[SOUNDSTAGE! CES 98]

[JPS LABS]
www.jpslabs.com


SoundStage!
Full Report Coverage by Contributor
Steven Rochlin on Analog

So it was me and my SoundStage! brother-men who went to bag us some of the sights and sounds in Las Vegas. You dig, baby? Well, Doug (from now on referred to as "Bumpy") said my job as a SoundStage! private dick was to scope all of the analog gear and also come up with three of the most solid sounds laid on me at the Show. Who is the man who would risk his neck for his brother-man? So after Bumpy handed us our assignments, I was off to the Alexis Park Hotel.

The righteous and well-known Oracle turntable is now in its Mk V version. Some of the newest improvements include greater isolation that combines over twelve different parts in seven different mechanical filters and keeps footfalls and extraneous noises from affecting the music reproduction. The eight-pound platter is also designed to be virtually impervious to outside vibration. The new bearing system incorporates six precision-surfaced nylon setscrews for long life and minimum maintenance. In granite black, the Mk V is priced at $3,400, although you can save $300 if you want the clear acrylic base (tonearm not included).

Thorens just announced that they upgraded one of their most popular tables, which now is called the TD 295 II. The upgraded unit includes three-speed capability for those who enjoy 33 1/3-, 45- and 78-rpm records. It not only comes in a lacquered black finish, but flat black, walnut, rosewood and even white. Most folks don't know this, but Thorens has been in the music-reproduction business since 1883 and now makes nine different turntables that span many different price ranges. Retail cost of the TD 295 II is $999 including the TP40 tonearm. Right on!

The Simon Yorks Designs turntable, out of England, is hand-made for the U.S. Feds, man. Looks like Big Brother wanted a piece of the analog action too. The Series 7 setup includes a very heavy platter and a beefy motor that can play at three different speeds, like the Thorens. Because this turntable is also used by the Library of Congress, the large platter accommodates not only normal 12" vinyl records, but 14" transcription records. A 9" tonearm is standard, and you can get an optional 12" tonearm. Simon Yorks makes another version of the Series 7 that holds both 9" and 12" tonearms at the same time and can play vinyl discs up to 20" in diameter. Pricing for the standard single-tonearm unit is $10,000.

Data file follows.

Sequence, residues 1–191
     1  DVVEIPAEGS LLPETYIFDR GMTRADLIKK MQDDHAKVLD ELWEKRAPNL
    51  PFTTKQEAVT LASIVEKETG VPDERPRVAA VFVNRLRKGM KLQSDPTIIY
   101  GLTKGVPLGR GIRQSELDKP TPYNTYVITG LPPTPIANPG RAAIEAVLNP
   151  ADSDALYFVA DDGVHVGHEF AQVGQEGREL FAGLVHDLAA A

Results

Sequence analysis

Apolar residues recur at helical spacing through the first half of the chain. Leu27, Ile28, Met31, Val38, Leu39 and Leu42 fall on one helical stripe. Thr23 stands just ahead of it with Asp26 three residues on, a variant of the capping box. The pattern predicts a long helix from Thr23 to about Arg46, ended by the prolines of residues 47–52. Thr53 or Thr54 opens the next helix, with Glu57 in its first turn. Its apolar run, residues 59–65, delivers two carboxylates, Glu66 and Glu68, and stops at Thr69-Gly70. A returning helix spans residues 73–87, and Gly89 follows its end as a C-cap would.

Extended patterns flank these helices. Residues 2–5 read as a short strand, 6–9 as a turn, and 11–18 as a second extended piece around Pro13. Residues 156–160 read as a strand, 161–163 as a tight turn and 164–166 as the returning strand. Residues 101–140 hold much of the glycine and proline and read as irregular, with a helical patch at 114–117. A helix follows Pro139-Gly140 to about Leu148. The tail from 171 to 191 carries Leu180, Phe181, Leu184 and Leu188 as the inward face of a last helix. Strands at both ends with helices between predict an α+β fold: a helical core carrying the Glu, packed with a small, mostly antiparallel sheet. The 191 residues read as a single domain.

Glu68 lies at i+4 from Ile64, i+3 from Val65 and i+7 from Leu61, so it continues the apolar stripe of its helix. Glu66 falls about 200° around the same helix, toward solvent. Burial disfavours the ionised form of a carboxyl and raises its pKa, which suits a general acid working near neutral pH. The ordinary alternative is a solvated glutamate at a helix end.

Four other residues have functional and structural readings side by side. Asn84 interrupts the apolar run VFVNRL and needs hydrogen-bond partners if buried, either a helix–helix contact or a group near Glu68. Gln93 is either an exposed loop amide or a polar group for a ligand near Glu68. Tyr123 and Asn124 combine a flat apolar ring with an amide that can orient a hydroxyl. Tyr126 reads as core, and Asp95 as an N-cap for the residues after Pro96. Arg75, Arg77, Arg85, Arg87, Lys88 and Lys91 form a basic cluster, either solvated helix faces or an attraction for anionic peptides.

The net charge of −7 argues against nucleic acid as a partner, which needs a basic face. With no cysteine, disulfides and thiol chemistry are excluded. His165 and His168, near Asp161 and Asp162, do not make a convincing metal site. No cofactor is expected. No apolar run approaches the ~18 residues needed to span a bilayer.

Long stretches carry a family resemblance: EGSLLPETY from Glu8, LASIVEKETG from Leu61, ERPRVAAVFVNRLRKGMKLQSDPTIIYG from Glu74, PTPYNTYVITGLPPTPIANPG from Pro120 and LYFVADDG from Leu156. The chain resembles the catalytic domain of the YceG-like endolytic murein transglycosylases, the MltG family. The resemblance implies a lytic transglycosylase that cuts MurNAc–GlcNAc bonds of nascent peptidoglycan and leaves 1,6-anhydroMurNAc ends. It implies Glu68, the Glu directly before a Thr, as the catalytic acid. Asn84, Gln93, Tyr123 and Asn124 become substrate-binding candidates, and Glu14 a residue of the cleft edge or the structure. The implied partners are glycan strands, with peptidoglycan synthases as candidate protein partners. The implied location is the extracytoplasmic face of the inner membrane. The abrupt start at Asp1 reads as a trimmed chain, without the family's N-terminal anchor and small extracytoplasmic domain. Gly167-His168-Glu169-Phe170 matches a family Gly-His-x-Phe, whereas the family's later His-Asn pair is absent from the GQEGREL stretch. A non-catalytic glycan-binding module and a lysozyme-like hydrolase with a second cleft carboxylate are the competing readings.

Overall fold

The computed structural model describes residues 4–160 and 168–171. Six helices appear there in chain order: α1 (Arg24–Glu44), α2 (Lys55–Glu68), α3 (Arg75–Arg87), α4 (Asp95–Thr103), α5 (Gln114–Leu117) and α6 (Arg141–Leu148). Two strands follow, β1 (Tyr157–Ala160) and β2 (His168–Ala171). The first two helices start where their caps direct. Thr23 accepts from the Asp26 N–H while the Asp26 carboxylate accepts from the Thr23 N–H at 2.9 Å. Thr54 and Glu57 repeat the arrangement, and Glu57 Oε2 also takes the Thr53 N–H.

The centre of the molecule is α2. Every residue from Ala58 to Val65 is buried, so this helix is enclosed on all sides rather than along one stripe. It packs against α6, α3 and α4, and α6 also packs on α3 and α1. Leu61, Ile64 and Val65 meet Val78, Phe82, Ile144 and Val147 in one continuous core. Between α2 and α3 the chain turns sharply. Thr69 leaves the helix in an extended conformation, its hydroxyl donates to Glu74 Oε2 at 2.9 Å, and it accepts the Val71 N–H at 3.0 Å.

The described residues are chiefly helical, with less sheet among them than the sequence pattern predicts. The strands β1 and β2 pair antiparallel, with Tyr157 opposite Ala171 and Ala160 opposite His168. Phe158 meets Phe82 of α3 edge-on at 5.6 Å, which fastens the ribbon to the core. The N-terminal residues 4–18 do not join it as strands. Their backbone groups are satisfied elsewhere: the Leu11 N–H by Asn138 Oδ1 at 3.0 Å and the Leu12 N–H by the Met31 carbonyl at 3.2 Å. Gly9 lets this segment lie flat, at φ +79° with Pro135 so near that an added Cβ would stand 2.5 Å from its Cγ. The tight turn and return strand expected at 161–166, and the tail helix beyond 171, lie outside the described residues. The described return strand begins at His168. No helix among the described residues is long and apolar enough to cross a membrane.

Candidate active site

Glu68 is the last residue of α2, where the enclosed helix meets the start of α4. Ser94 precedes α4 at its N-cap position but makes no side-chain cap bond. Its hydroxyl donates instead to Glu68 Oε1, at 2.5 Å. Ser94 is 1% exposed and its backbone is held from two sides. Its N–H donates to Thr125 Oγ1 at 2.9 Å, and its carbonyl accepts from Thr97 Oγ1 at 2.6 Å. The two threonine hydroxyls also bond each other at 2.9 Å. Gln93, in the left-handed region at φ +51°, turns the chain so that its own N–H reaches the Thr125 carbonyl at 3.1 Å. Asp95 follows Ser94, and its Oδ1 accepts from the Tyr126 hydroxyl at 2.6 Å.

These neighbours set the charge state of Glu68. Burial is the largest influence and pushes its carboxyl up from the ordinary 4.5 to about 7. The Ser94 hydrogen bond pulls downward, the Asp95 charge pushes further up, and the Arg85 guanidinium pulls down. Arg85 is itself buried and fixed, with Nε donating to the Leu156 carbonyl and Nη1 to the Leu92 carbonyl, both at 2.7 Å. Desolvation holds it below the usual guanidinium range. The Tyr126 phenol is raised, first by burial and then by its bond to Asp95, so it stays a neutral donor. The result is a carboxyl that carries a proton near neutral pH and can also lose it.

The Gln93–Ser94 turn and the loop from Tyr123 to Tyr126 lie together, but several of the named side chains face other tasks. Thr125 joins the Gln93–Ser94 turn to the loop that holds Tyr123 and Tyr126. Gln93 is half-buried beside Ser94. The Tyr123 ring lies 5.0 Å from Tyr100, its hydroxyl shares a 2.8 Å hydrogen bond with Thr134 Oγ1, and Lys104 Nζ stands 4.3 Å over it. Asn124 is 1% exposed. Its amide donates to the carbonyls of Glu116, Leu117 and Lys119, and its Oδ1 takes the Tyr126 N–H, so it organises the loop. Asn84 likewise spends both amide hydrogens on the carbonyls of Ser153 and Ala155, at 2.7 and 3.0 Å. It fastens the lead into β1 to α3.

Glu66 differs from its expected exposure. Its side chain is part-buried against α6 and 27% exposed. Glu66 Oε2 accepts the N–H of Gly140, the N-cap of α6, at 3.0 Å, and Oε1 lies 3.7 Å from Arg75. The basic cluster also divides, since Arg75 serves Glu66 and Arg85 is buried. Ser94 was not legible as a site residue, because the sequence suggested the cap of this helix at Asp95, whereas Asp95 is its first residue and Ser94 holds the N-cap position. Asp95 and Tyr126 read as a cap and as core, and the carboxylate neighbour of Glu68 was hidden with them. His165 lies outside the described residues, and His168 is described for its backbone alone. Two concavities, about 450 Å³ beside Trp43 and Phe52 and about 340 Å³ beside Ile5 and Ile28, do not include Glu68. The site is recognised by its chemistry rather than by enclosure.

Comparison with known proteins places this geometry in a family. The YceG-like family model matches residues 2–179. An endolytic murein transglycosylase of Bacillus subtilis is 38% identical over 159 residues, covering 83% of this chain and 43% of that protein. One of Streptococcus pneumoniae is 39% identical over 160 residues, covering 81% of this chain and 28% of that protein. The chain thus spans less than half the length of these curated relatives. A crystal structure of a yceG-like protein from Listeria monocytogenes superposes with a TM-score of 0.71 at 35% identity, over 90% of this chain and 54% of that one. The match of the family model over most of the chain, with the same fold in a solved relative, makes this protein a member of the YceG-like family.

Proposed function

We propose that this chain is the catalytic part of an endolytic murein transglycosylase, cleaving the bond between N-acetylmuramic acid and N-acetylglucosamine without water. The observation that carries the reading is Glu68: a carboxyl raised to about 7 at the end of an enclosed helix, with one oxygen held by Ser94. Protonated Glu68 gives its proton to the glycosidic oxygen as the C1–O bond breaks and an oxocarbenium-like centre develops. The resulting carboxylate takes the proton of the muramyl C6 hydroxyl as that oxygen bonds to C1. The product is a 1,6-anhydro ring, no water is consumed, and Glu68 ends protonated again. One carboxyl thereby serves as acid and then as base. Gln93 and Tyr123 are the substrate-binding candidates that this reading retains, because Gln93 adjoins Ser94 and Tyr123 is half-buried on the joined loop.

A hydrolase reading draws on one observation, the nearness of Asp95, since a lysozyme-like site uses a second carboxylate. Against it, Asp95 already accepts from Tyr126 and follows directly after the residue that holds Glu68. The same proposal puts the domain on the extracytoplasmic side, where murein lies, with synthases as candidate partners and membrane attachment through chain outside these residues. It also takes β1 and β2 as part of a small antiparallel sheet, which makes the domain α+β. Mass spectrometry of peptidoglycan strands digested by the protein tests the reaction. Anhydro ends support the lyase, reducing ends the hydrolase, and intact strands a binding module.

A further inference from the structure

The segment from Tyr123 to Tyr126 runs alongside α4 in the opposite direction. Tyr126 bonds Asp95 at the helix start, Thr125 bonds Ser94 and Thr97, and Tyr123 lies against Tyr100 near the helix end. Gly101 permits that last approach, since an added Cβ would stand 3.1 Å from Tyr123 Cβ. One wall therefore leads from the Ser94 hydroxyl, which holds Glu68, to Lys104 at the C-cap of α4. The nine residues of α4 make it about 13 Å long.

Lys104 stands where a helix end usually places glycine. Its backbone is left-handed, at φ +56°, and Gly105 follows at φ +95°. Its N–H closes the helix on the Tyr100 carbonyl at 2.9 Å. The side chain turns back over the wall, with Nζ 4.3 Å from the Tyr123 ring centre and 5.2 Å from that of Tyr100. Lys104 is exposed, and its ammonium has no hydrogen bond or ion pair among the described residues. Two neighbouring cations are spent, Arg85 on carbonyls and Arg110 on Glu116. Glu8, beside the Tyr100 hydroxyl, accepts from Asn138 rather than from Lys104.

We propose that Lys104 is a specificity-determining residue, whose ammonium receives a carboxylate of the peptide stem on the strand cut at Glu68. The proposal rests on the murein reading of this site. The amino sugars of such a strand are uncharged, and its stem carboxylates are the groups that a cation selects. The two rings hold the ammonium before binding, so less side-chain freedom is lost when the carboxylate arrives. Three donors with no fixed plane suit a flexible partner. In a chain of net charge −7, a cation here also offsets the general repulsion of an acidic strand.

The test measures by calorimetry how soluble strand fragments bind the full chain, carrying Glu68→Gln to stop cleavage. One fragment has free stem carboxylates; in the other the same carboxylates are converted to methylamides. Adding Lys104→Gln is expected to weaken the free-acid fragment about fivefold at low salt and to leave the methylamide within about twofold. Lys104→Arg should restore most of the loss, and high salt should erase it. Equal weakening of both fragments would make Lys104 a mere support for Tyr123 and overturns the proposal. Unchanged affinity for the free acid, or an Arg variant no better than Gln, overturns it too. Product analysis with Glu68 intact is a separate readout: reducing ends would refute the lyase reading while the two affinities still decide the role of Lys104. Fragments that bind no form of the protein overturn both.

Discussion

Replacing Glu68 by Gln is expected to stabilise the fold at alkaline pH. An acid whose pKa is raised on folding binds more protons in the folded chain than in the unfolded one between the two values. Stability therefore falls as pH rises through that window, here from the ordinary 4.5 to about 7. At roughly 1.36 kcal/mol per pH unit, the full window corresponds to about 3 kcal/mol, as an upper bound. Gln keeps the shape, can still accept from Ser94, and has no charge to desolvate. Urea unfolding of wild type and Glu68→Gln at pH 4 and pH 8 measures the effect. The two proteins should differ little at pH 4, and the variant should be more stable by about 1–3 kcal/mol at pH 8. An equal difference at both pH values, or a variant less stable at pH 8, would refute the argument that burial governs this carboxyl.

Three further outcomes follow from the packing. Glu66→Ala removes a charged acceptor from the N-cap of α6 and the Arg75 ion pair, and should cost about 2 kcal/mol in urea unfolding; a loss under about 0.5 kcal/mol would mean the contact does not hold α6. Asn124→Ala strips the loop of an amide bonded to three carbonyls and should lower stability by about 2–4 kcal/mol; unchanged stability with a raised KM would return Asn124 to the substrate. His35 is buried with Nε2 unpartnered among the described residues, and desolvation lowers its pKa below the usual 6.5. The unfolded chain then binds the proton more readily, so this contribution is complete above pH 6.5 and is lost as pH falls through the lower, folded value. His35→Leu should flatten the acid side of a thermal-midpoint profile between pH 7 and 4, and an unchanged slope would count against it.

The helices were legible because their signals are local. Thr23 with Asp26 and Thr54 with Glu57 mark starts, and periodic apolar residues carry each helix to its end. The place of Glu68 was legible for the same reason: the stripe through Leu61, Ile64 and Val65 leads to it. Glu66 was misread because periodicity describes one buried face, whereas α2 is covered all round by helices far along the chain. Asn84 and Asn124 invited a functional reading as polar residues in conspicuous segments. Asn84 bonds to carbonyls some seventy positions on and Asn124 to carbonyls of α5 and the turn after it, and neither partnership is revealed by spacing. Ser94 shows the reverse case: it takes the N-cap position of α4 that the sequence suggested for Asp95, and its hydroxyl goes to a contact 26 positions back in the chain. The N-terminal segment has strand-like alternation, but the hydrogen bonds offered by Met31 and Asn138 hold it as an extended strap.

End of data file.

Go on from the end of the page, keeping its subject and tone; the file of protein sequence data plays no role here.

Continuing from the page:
One of the best, if not the best, bang-for-the-buck turntable, my brothers, has to be the new Clearaudio Evolution with linear-tracking tonearm. When you move the tonearm to the down position, an hydraulic thing happens; in the bottom third of the travel, the hydraulics kick in and arm/cartridge very slowly approach the platter. The easy-to-use lever on the right side is used to move the stylus onto the record. You dig?

A macho synchronous motor, big brass cone feet, an inverted bearing, and anti-magnetic RCA plugs are just a few of the features of the Evolution. This is a suspensionless turntable that employs creative usage of geometric shapes, which in turn also make the package easy to set up and maintain. All of the above, including the MC cartridge, will only set you back $2,500. This is a great deal for what may be a new evolution of linear-tracking arm systems on the cheap. And it's sexy too! Hey, I ain’t jivin' you, man.

On the opposite end of the linear-tracking-tonearm-and-turntable scale is the Walker Proscenium Gold Signature. Lemme lay on you some quick and dirty specifications: a base made of crushed marble and lead that weighs approximately 245 pounds with motor; an air-bearing platter with three jets, the platter itself made of lead and weighing in at 70 pounds; a 45-psi air-bearing linear-tracking tonearm; pure-silver tonearm wire; easily adjustable VTA; and too much more to mention. Cost? $9,000--and up to $15,000 fully loaded. Just make sure you and two of your friends move it!

Wilson Benesch's Full Circle turntable-arm-cartridge setup is a modular design for ease of upgrading. You get the Wilson Benesch Circle turntable, the ACT 0.5 tonearm, and the PLY cartridge, which has a 1.90mV output. The PLY cartridge can only be purchased in the Full Circle setup and thus won't be sold separately. The price is $3,805 for this easy-to-set-up suspensionless rig.


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